The Uberti ‘Baby’ rolling block rifle and carbine are actually a pretty good reproductions of the Remington Model No. 2. The principle difference between the two models is the barrel length and shape, although the photographs in the Henry Krank catalogue show a difference in the butt shape. The version we have here is the rifle with a 26- inch octagonal barrel, whereas the carbine has a tapered round barrel which is four-inches shorter. This example has very nice case colours on the receiver, hammer and breech block with the barrel having a good gloss black finish. Screws, pins and trigger are all black. While not a major problem, I have seen slightly sharper edges on reproduction octagonal barrels. The butt-plate and trigger guard/ bottom tang on this piece are polished brass where the originals would have been iron. The walnut stock and forearm are finished in the standard Uberti colour with the latter having a Schnabel-type tip and fastened in place by a single screw. Both the stock and the forearm stand a little proud where they mate up to the receiver. A nice touch is the traditional shape of the stock with its “perch belly” curve on the lower edge and the curved junction where it meets the frame. It would presumably have been easier and cheaper to produce straight edges here – nice one, Uberti.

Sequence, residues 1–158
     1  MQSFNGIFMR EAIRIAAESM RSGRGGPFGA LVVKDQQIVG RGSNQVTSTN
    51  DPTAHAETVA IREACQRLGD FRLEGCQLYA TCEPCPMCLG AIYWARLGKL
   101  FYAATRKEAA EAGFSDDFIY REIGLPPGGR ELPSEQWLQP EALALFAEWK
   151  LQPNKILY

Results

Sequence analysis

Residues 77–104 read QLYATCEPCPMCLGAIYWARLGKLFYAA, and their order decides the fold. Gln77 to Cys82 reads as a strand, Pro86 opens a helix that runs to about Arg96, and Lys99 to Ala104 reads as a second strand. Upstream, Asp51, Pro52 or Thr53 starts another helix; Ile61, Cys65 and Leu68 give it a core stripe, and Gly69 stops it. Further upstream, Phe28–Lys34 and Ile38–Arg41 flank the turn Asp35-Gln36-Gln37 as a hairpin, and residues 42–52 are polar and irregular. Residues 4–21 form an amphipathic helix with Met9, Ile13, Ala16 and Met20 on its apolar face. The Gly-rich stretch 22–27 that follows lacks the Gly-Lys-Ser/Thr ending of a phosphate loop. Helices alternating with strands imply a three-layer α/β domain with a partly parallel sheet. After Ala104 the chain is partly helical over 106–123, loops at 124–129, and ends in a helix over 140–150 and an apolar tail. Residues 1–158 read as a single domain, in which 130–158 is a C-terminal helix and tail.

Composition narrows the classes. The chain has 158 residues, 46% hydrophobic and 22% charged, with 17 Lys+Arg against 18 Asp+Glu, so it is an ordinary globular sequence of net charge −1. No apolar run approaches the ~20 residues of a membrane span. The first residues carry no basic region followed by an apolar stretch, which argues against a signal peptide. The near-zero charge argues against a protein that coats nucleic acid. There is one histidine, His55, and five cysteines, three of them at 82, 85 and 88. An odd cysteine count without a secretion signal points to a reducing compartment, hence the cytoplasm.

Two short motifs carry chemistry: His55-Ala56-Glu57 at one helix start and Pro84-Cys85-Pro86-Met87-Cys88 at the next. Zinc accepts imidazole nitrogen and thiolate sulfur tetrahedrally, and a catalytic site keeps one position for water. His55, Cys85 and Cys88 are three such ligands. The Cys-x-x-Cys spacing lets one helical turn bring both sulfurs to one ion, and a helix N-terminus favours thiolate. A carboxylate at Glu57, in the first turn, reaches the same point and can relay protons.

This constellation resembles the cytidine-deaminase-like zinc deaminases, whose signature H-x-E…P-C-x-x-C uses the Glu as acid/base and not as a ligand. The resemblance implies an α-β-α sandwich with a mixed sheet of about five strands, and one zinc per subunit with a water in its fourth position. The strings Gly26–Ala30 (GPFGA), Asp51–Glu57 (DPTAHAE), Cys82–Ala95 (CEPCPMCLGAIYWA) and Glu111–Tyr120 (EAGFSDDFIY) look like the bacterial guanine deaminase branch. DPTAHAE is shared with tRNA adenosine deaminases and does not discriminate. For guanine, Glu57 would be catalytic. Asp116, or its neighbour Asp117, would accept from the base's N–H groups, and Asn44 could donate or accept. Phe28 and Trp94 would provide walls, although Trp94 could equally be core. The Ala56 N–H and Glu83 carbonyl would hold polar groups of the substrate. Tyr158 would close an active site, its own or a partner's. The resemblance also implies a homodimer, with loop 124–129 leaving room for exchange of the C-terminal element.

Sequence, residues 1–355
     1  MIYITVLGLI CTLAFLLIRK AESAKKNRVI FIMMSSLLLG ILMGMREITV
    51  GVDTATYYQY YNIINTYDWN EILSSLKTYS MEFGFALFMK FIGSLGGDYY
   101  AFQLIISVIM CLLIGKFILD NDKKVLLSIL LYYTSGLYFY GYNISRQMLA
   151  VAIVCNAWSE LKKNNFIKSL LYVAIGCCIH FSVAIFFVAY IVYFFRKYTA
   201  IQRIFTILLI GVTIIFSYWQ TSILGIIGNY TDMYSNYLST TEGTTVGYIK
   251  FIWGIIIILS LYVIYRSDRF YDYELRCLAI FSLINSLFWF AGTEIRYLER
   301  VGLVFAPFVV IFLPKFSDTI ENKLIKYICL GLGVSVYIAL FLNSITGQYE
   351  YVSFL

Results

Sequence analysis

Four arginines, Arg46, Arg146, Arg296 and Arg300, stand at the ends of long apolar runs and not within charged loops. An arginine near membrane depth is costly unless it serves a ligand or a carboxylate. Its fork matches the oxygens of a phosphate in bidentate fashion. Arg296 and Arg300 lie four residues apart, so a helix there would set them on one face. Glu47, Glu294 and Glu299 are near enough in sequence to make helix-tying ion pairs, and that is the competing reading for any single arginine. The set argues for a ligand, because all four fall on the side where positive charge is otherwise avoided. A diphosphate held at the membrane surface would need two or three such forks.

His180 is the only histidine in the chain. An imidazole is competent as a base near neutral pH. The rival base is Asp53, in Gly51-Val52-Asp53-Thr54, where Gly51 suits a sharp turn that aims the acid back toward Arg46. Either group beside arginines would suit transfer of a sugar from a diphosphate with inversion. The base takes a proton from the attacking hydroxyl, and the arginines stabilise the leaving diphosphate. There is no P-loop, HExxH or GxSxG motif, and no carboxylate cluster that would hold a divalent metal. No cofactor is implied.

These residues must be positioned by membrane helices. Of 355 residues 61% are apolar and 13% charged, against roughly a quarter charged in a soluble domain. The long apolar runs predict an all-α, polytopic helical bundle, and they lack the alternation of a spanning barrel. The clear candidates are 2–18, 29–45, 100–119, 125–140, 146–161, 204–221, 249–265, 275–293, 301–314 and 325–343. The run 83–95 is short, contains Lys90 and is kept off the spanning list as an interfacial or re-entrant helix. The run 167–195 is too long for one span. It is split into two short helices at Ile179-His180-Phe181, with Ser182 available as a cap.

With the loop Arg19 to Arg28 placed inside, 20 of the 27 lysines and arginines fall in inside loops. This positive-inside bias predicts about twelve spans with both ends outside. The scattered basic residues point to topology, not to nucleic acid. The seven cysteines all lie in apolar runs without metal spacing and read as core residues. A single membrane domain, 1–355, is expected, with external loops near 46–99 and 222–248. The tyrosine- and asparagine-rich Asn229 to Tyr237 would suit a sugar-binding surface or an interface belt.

Sights are pretty much standard on many of these rifles, the rear being a semibuckhorn with a sliding stepped elevator, the unit dovetailed into the barrel and held by a screw. Up front is a sail-shaped blade (originals had a bead) on a base which is again dovetailed into place with a retaining screw. Both sights offer lateral adjustment. There is no provision to fit a tang sight on these small calibre versions of the rifle.
The rolling block is a very strong but simple mechanism and stripping for cleaning or maintenance is quite easy. While the action can be removed with the stock in place it is made a little less awkward by taking the stock off and removing the hammer spring first. On the left side of the receiver is a winged button held in place by a central screw. Removing the screw and button lets you tap out the two pins from the right side of the frame. The breech block, which contains the spring-loaded firing pin, and hammer can then be lifted out of the top of the frame. The two screws on the lower left of the frame hold the bottom tang and trigger mechanism in place, while the small screw at the top of the receiver serves no purpose on this model but acts as an extractor retainer on the .357 version.